Lincoln and the Suspension of Habeas Corpus

Lincoln and the Suspension of Habeas Corpus - L incoln and...

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Lincoln and the Suspension of Habeas Corpus 1. On April 14, 1861, Fort Sumter fell to the Confederacy. 2. April 26, 1861. The Maryland legislature was to convene and it was expected that they might vote to secede from the Union. a. NOTE: On September 17, 1861, The mayor and the chief of police of Baltimore, nine members of the Maryland legislature, and the chief clerk of the Maryland Senate were all arrested to prevent the Maryland legislature from voting for secession. 3. On April 27, 1861, Lincoln suspended the right to a writ of habeus corpus (Art. I, Sec. 9, para 2) a. See portion of the order. b. Lincoln claimed the right to do so under the doctrine of necessity. i. President has a duty to “faithfully execute” the nation’s laws (Art II, Sec 1). Disloyal Northerners could prevent him from doing this, so he can suspend their right to habeas corpus writs. ii. The president is the commander-in-chief (Art II, Sec 2) and in wartime, he has the right to take any measure which may best subdue the enemy.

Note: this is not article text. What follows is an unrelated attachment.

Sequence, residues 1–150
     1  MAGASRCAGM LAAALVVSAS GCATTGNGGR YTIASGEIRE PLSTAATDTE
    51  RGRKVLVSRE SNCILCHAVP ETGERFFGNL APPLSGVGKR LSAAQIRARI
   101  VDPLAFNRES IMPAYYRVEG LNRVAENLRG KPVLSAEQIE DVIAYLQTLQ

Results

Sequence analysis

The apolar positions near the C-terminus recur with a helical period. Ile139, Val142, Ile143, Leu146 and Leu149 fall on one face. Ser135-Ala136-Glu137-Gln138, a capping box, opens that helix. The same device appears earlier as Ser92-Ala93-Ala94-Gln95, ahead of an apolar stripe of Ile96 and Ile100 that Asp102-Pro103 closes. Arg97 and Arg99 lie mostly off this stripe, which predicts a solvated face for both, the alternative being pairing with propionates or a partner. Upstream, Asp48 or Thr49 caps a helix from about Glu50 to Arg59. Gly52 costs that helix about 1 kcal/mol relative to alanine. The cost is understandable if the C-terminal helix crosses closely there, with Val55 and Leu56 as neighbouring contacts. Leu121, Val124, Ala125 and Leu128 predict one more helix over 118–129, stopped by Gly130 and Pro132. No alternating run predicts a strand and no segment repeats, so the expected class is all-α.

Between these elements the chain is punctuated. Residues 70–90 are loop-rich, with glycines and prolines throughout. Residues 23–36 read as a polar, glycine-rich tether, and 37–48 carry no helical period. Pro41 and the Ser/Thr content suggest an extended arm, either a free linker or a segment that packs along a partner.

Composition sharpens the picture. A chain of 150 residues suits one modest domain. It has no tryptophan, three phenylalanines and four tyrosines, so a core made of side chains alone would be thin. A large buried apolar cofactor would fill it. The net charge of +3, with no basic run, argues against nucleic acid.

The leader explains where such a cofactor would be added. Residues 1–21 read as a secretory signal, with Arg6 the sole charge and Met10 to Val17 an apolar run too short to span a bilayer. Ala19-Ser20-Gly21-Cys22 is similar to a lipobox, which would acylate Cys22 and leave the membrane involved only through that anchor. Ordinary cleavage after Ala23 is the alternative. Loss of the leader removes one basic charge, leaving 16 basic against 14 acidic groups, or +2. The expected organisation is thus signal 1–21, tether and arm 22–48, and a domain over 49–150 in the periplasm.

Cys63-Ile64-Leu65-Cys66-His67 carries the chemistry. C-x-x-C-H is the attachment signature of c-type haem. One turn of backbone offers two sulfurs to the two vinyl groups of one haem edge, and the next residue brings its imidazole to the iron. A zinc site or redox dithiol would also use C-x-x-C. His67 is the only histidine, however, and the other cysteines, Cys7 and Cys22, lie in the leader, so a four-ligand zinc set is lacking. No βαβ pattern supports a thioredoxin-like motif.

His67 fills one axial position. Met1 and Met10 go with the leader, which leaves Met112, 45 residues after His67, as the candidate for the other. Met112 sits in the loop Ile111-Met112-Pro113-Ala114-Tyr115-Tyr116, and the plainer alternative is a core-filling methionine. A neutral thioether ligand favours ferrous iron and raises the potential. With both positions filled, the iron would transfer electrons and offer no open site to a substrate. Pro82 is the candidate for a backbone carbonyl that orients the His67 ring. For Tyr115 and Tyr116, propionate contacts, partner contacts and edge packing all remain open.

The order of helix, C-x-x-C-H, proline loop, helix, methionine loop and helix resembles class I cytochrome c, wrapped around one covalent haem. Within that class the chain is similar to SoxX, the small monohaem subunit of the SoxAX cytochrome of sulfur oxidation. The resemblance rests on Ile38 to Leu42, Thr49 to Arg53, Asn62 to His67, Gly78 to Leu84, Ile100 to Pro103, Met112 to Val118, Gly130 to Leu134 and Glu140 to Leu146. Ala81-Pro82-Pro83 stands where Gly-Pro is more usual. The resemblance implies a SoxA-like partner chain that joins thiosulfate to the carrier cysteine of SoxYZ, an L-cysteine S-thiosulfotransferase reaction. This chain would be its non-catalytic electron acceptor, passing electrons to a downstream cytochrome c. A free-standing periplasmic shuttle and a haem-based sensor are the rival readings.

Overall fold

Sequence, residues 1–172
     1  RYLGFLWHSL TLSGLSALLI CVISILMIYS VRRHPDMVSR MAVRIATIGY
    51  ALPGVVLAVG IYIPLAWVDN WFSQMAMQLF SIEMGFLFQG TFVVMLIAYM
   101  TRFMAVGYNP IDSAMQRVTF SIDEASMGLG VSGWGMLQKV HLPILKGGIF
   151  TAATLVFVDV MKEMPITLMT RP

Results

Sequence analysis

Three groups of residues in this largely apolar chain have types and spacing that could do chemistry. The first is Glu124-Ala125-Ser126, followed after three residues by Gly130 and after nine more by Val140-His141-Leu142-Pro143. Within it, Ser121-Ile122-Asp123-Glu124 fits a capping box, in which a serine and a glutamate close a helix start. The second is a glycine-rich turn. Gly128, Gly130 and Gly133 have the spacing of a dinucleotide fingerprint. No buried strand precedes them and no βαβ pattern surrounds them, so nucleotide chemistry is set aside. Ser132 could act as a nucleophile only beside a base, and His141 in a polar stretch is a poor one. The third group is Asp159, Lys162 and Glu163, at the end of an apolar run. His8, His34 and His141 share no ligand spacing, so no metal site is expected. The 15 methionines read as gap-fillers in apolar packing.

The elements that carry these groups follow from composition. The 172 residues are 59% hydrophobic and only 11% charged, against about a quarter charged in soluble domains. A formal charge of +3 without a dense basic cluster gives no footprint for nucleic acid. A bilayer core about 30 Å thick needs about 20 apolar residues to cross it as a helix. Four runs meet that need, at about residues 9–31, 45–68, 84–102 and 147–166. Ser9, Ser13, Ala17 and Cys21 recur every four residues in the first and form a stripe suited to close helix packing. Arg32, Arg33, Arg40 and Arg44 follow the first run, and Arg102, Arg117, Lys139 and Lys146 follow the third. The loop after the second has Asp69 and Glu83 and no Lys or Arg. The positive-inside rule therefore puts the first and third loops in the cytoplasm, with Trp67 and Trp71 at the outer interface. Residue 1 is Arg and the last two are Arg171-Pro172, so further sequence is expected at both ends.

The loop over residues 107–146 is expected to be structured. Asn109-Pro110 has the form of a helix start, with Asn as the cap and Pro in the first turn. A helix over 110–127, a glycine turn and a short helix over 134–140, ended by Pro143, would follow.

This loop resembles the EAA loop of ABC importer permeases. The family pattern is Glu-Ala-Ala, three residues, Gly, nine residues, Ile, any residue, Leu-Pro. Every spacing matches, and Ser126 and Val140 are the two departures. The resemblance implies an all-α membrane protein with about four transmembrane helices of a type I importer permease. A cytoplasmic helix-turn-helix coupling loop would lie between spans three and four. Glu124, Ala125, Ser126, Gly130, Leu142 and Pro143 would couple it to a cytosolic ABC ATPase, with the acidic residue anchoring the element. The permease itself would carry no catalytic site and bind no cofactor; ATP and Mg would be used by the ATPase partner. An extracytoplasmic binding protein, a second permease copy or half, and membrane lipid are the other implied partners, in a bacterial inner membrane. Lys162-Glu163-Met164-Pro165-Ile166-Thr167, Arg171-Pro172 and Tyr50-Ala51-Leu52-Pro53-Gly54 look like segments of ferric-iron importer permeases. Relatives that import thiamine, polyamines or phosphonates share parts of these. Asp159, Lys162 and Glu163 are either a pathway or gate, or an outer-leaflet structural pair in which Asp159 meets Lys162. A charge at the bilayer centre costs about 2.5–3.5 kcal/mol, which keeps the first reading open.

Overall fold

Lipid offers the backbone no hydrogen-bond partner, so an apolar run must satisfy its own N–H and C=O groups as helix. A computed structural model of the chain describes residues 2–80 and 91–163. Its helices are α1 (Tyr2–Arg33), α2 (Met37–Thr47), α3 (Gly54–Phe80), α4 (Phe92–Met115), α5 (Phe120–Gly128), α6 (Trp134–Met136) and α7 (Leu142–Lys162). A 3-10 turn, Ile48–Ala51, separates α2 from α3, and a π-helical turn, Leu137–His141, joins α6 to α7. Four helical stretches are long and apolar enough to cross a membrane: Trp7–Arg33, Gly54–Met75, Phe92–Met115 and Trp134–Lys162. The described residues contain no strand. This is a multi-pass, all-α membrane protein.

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iii. June 12, 1863 letter. Lincoln states: “Must I shoot a simple-minded soldier-boy who deserts, while I must not touch a hair of a wily
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Lincoln and the Suspension of Habeas Corpus - L incoln and...

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